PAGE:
After ten weeks and two days, we are saying goodbye to Isla Mujeres. The wind forecast looks really good for us to make a run for Honduras, so the last few days have been frenzied.
We hopped the ferry to Cancun, and loaded up on things at Walmart that we may not get as easily as we travel south. We’ve learned to take our luggage with us, for easy transport back to the boat. As we prepared to go, Howard decided to try and stow away to Walmart.
We filled both bags and our backpack, and headed back to the island.
The next day, we shared a golf cart with Kevin and Marina, our friends on Lucky Seven. They were taking advantage of the weather window to make a run for Cuba, so we all headed to Chedraui for a big grocery run. We each stuffed our carts full of food and beer. I didn’t think that everything would fit on the golf cart, but we made it work.
Next, it was time to load everything into Kevin’s dinghy. I was sure that we’d have to make two trips, but the guys were determined to make it all fit. There was even room left for the four of us, around the tower of beer. With all that weight, it was a wet ride back to the boat!
After unloading our things, and a quick trip to the dentist for Marina, we stopped for lunch and then rode around the island a bit, before returning the cart. Kevin convinced Scott to take the cart “off road.” As you may imagine, it didn’t take much convincing. I was sure that we’d break an axle on the poor thing.
We also enjoyed one more look at the beautiful eastern coast of the island.
Then it was on to Villa Bella, for margaritas and mojitos. Marina turned 50 on Wednesday, so we took time to celebrate.
On our way back to town, we stopped in at the Soggy Peso, for a quick goodbye to our friends Ron and Delores, who have been so welcoming to us. Their help and advice on all things Isla Mujeres and Cancun were invaluable!
After returning the golf cart, we decided to stop in at the Drunken Mermaid, for 2 for 1 mojitos. Marina spotted a bottle filled with clear liquid and insects. We were told that it was tequila…with scorpions. With the 50th celebration underway, two shots were ordered, complete with icky insects. Before being served up, the stingers are cut off.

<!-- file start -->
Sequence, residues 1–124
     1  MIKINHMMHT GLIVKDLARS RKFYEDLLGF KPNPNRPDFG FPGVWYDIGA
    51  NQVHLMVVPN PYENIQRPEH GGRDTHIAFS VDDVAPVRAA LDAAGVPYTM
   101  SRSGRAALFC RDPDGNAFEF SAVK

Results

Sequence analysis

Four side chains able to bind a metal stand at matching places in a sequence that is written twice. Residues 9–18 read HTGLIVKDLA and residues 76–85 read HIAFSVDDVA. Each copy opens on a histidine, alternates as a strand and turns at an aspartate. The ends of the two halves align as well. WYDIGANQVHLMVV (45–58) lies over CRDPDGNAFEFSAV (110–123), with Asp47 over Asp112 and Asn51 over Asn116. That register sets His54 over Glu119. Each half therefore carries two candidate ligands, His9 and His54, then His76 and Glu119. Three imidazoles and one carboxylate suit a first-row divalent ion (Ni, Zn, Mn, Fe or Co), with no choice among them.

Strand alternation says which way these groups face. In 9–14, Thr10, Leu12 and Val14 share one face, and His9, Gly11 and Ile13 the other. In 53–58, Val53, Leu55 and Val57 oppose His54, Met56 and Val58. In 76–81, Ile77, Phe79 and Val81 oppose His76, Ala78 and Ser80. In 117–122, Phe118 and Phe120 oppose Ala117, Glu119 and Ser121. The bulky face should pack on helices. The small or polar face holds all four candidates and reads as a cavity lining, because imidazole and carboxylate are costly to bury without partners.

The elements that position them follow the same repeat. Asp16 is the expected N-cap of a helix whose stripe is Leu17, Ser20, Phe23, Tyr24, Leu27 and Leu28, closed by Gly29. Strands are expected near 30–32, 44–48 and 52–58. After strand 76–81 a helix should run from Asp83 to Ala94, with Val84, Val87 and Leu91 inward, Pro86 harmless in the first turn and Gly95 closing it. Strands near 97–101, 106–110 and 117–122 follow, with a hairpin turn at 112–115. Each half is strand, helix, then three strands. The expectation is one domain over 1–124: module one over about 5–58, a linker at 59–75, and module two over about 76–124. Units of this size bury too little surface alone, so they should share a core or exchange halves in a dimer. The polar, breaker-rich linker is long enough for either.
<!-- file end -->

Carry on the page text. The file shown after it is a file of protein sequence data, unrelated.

An intimidating presentation..
Needless to say, they weren’t the most tasty things. Marina put hers in her mouth, and promptly spit it out. Kevin managed to chew a few times, before doing the same.
On a recommendation from our Drunken Mermaid bartenders, we then went to Olivia’s, and had a great dinner. Dessert came with a sparkler, in honor of Marina’s celebration. Afterward, we stopped to pick up their laundry. There are no self serve laundromats here. You drop off one day, and pick up the next. For a few extra pesos, you can get same day service.
With a big bag of laundry in tow, we headed back to the Drunken Mermaid for one more cocktail, before calling it a night. We were glad to have a chance to celebrate with Marina and Kevin, who we’ve grown quickly attached to.
The next morning, the four of us went back to town to clear out of the country. It took three hours, and went as follows:
We started with some paperwork at the port captain’s office, and then a trip to the local stationary store for a copy of said paperwork. Back to the port captain’s office, and then to the bank, where we paid roughly 24.00. We needed two copies of the receipt for the port captain, so it was back to the stationary store. That receipt goes back to the port captain, then we waited for our paperwork to be filled out. From there, we went to immigration. Thankfully, they made their required copies on site for us..whew. After a few stamps, we were officially cleared out, and ready to leave what has become our temporary home.
We went out for a final dinner nearby, at the Sunset Grill, enjoying time with fellow cruisers who we have come to know and love!
As I type this, we are preparing to raise anchor, head out of the anchorage and break away from the fleet. I am torn, as we have come to love it here. It’s hard to leave friends that we’ve made, especially ones who are continuing north, and away from our path. There are several that we will cross paths with again, in both Honduras and later in Panama. The thought of familiar faces along the way is comforting.
Our passage to Guanaja (gwa na ha), Honduras will take between 60 and 70 hours, our longest yet. We’re both a bit nervous about the journey. After sitting still for so long, it’s going to be an adjustment as we hit the open ocean again. We’re hoping that the forecast treats us well, and that most of it will be somewhat smooth.
“Shells Sink, Dreams Float. Life’s Good On Our Boat!”